The Internet, the pinnacle of human ingenuity, the great electronic equalizer, has decided in all of its collective wisdom to retire the professional wine critic and the 100-point wine scale. They had a great run, providing pretentious peeks inside the wine experiences of the most scrutinizing and biased palates on the planet, but last year it finally reached a level of inanity beyond most people's comprehension and desire to care.
Last year, when the 100-point wine rating scale officially fell to obsolescence, it marked the end of an era and the beginning of something new for wine - it marked 2014, "The Year of the Wine Consumer."
What wine consumers did in reaction to the decline of the golden haze of ever-inflating 100-point scale wine ratings is what they have really always done; they kept on keeping on. You see, wine consumers are not morons, they have always looked at wine, not unlike any other consumable product, the same way using their trusty Consumer Wine Rating System:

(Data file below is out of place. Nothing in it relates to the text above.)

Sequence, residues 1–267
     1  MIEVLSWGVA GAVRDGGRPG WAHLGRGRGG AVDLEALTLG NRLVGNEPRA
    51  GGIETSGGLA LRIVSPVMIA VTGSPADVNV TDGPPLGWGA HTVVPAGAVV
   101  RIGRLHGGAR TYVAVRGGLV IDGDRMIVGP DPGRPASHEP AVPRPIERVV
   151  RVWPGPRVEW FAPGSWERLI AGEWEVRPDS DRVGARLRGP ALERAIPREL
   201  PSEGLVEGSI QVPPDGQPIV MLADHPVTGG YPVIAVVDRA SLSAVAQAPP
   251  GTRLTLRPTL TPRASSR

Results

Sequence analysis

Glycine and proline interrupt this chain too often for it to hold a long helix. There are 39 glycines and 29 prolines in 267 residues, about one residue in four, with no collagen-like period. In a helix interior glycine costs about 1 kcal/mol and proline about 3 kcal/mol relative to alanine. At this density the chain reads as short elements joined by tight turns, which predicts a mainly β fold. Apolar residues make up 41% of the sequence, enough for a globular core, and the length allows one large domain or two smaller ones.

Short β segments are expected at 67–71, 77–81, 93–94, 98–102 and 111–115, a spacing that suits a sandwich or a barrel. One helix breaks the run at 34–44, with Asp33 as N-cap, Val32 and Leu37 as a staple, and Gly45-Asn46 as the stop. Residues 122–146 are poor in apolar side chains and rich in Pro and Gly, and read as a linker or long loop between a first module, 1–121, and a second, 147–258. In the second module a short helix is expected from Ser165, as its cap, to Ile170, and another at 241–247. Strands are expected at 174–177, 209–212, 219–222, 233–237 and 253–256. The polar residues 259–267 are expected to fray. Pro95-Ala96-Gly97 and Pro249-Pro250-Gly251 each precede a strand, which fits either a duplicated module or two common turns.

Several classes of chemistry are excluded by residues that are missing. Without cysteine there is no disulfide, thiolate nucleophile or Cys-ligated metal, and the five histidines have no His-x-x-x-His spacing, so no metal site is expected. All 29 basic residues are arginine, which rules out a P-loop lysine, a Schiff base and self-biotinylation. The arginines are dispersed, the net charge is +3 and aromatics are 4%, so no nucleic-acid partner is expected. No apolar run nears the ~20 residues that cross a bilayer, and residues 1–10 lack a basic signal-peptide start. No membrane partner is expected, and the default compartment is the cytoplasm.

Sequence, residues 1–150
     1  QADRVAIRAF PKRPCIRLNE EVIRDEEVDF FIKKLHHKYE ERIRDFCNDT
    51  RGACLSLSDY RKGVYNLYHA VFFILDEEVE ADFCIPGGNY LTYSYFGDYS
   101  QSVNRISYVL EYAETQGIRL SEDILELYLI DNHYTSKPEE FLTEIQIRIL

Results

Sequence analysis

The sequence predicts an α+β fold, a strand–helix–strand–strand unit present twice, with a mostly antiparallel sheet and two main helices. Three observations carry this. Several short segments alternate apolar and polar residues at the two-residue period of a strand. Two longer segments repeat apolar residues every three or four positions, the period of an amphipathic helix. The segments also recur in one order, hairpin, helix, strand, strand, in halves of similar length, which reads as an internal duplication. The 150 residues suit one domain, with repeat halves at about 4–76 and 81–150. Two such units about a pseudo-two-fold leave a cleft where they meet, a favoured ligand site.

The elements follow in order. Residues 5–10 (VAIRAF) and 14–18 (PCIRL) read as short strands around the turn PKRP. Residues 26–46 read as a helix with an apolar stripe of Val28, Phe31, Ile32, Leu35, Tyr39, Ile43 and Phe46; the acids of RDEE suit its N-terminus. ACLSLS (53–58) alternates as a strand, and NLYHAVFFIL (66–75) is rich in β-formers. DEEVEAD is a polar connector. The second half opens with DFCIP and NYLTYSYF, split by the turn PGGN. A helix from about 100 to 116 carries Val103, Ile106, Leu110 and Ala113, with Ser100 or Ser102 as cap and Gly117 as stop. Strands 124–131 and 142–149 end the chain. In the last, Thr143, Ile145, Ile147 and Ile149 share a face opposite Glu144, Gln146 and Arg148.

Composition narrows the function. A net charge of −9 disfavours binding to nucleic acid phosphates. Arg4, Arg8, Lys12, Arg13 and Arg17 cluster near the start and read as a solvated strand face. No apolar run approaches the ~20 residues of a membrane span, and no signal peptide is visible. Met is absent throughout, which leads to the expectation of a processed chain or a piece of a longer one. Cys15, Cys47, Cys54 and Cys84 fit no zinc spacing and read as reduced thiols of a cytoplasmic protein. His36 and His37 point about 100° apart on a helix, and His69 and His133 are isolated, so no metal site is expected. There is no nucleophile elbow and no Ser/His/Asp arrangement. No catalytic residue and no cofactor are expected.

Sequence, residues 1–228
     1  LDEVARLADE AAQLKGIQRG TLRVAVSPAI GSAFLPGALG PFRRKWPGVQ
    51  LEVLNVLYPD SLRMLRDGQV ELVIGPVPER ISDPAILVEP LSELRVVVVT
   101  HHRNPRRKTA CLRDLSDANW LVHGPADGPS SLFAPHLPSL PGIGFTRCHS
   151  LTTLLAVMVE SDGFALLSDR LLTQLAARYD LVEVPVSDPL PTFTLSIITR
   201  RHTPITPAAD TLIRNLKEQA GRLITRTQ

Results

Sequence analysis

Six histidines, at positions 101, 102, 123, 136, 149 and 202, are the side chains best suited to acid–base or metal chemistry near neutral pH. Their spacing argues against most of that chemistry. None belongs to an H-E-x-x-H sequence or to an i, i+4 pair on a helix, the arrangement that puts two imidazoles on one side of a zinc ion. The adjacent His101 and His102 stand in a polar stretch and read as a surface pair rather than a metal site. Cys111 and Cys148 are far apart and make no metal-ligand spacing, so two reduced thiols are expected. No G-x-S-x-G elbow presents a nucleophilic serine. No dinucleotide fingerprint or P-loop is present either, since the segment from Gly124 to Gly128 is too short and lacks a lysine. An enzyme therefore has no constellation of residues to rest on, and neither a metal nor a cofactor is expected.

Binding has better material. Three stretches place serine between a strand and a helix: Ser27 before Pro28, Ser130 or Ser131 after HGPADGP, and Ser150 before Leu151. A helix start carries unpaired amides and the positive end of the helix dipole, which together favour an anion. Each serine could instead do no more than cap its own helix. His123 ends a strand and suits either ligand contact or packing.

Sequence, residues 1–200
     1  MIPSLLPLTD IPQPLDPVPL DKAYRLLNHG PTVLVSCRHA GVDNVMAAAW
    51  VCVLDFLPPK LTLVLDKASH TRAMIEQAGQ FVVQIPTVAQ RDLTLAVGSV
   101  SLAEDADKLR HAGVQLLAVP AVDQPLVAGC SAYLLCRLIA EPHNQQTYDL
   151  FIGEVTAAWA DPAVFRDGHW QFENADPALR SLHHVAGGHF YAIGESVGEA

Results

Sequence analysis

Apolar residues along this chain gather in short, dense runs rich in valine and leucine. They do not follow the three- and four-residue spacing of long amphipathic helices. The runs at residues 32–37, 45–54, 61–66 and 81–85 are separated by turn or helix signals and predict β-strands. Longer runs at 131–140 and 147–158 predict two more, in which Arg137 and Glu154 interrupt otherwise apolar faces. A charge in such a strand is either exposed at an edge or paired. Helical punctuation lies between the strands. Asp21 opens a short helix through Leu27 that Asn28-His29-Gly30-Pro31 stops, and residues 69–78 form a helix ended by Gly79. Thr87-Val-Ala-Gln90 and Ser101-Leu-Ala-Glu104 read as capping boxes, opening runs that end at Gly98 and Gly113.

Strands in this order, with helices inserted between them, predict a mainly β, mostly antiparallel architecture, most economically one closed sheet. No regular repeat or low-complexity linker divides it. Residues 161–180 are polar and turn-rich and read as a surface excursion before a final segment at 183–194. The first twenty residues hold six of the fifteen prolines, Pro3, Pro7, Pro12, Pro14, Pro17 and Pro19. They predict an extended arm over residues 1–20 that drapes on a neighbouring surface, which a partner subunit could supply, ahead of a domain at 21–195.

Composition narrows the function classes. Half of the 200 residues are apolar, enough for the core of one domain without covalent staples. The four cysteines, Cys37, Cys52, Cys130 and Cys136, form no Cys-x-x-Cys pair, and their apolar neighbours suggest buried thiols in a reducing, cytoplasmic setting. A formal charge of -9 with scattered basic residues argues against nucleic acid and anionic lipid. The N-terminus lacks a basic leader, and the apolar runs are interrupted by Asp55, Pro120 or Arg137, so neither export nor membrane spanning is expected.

1. Is it a value (below x price)?
2. Is it quality (drinkable, enjoyable, etc.)?
3. Is it better than x wines in x group?
This is, essentially, a Three-point wine rating scale. This is also the oldest rating system in history (still actively in use) dating back to when Caveman Grog made his first trade; one flint stone for three of his best Bison tails (he passed on Caveman Jak's selection of flint stones because they required four strikes to make fire - Three strikes, you're out, Jak!).
This isn't to say that consumers don't appreciate the imaginative eloquence and flavorful fancy-ness crafted by wine critics, no, consumers just have unlimited access to a more practical world of opinion now - you might have heard of it - it's called the Internet, and it's freaking awesome! Cavepeople agree!